Fox News is reporting that grassroots pressure has brought Congress to the brink of holding Attorney General Eric Holder accountable for his cover-up of Fast & Furious and for his war against the Second Amendment.
A House committee is scheduled to vote this week on a contempt citation for Eric Holder.
This is happening after two congressional committees put Holder on the “hot seat” last week, demanding that he stop the stonewalling and produce the thousands of documents which his department has continued to withhold from congressional investigators.
On Thursday the House Judiciary Committee grilled the Attorney General for several hours on many subjects, including Fast and Furious.
Rep. Darrell Issa (R-CA), blasted Holder for his refusal to respond to several subpoenas that have demanded further documentation on Fast & Furious. When Holder said his department had responded to the subpoenas, Issa snapped: “No, Mr. Attorney General, you’re not a good witness. A good witness answers the question asked.”
Holder caught in a lie
During that same hearing, Utah Republican Jason Chaffetz read out loud an email conversation between two officials in the Justice Department, who were discussing the public relations nightmare arising from guns “walking” into Mexico as a result of Operation Fast & Furious.
Holder tried to pass the email off as relating to Operation Wide Receiver, which took place during the Bush era. “The email that you just read [referred] to Wide Receiver,” Holder said. “It did not refer to Fast and Furious. That has to be noted for the record.”
So, Chaffetz reread key parts of the email to General Holder, noting once again the connection (in the email) between Fast & Furious and “gun walking” — which led Chaffetz to point out that, “The email says ‘Fast and Furious.’ You say it doesn’t; I’ve got it in black and white.”
Holder would not back down, however, and simply retorted: “I’ve got superior knowledge.”
The arrogance of Holder’s statement was not lost on many in the media, including Kurt Hoffman of the Examiner. If Holder has such “superior knowledge,” Hoffman said, then why has he answered “I don’t know” so many times to questions relating to Fast & Furious.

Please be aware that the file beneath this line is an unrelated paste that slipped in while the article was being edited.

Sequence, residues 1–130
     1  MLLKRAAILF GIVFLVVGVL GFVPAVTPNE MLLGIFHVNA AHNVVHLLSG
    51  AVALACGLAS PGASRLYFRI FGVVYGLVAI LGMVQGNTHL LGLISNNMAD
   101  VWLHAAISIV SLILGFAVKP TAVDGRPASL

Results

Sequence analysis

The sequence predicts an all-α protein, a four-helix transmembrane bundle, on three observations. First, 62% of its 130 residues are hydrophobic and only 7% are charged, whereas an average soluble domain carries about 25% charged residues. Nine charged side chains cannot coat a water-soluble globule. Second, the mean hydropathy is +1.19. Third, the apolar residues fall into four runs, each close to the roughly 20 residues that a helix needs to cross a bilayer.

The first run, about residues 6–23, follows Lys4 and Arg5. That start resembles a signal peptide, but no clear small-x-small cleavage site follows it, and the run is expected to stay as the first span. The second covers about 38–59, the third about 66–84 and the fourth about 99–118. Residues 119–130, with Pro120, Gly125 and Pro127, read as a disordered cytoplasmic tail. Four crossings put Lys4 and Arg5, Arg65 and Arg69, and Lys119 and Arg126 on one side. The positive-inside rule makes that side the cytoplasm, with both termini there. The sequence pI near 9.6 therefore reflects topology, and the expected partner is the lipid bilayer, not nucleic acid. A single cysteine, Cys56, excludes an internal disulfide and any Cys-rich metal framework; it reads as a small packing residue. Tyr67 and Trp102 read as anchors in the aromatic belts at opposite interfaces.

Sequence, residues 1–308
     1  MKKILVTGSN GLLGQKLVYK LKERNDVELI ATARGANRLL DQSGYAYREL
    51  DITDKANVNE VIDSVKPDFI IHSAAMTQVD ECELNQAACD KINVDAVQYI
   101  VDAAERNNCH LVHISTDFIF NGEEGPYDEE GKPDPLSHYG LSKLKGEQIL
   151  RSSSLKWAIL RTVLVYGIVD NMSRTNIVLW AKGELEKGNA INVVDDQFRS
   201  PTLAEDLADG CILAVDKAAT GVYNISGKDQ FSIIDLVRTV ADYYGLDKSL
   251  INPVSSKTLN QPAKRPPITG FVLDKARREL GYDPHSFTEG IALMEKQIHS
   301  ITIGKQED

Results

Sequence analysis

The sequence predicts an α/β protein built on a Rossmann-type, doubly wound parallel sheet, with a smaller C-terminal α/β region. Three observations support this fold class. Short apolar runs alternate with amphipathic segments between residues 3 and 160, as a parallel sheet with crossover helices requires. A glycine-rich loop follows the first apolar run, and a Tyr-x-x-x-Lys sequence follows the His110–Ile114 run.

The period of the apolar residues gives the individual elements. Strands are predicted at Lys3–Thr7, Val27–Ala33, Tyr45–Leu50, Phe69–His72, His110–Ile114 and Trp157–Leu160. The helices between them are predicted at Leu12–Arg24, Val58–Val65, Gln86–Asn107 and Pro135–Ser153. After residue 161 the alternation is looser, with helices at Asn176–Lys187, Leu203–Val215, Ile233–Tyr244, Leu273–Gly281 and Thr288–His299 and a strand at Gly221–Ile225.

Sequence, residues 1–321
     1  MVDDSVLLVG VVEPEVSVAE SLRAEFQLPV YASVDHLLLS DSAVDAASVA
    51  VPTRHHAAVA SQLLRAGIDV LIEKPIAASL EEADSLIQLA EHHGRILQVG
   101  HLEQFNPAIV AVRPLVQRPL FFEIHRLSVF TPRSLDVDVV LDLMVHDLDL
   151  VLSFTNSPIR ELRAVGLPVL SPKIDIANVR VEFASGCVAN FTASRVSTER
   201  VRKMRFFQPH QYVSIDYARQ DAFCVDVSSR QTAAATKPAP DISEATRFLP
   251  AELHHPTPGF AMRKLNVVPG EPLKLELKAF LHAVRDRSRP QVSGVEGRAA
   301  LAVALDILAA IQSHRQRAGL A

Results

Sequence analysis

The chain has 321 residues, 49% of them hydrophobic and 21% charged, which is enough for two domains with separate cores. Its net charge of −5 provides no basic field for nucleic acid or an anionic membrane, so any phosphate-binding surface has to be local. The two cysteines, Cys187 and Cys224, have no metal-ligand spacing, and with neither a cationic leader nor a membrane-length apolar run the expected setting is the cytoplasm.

Texas Republican John Cornyn called for Eric Holder’s resignation on Tuesday when Holder appeared before the Senate Judiciary Committee.
“I believe the American people deserve a chief law enforcement officer who will be independent of political influence, accountable to the law, and transparent with his dealings to the Congress,” Cornyn said. “Unfortunately, Eric Holder has failed on all of these counts.”
Cornyn, who himself was a former attorney general for the state of Texas, became the fourth U.S. senator to call for Holder’s resignation. He joins over 100 Representatives and two sitting governors in calling for Holder’s ouster.
Senator Cornyn scored several points in his questioning of Holder. Among other things, Cornyn noted how Assistant Attorney General Ronald Weich had written a letter in February of 2011 denying gun walking, but it wasn’t until November of last year that another Justice Department official finally admitted that letter was false.
“How do you account for the fact that the [Justice] department — for the period of time from February 2011 until November 2011 — had misled Congress about the accuracy of that allegation,” Cornyn asked.
Holder could only concede Cornyn’s point and said, “I think there’s some validity in the concern you raise.”
Fox News reported that several House freshmen wrote to House leaders on May 18 to push for a contempt of Congress resolution against Holder. Hours later, the House leadership (led by RINO Speaker John Boehner) issued a stinging letter to Holder, warning that if he refuses to cooperate, the “House will act to fulfill our constitutional obligations in the coming weeks.”
In a separate statement, Boehner said that the Justice Department is now “out of excuses.”
Vote on contempt order scheduled for this week
Congressional action begins on June 20 when the House Oversight and Government Reform Committee will hold a vote on a contempt order on Eric Holder. Of the 16 Republican members of the committee, all but seven have indicated their support for this citation.
According to The Hill newspaper, the seven Republicans are: Justin Amash (MI), Frank Guinta (NH), Connie Mack (FL), Patrick Meehan (PA), Todd Platts (PA), Mike Turner (OH) and Tim Walberg (MI).
Gun owners in these districts should ask these Representatives to support any measure designed to hold Eric Holder in contempt of Congress.
If passed, the entire House of Representatives would then vote on the contempt order. If the House approves the citation, then Holder could be looking at years in jail (or hundreds of thousands of dollars in fines).
Eric Holder is apparently trying to avert a vote to hold him in contempt of Congress. On Thursday he sent a four paragraph letter to Rep. Issa, asking for a meeting on Monday. This appears to be nothing more than another stalling tactic on behalf of the Attorney General, but it’s possible that it could sway some Republicans to “call off the dogs.”